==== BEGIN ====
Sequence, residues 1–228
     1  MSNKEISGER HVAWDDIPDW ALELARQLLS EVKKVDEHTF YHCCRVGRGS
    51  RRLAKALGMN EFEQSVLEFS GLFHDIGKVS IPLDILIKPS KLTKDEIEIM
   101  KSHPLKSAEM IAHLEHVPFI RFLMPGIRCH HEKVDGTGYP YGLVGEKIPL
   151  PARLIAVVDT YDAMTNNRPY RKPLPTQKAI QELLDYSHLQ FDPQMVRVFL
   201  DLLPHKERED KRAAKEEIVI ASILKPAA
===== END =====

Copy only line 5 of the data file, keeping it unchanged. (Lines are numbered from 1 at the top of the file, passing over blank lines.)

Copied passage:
   151  PARLIAVVDT YDAMTNNRPY RKPLPTQKAI QELLDYSHLQ FDPQMVRVFL